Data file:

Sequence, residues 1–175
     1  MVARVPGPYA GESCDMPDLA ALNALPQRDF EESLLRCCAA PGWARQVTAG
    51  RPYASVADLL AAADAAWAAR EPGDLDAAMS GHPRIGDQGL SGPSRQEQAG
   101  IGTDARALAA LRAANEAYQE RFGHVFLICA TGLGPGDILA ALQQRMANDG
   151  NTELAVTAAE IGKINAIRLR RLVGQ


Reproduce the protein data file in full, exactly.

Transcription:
Sequence, residues 1–175
     1  MVARVPGPYA GESCDMPDLA ALNALPQRDF EESLLRCCAA PGWARQVTAG
    51  RPYASVADLL AAADAAWAAR EPGDLDAAMS GHPRIGDQGL SGPSRQEQAG
   101  IGTDARALAA LRAANEAYQE RFGHVFLICA TGLGPGDILA ALQQRMANDG
   151  NTELAVTAAE IGKINAIRLR RLVGQ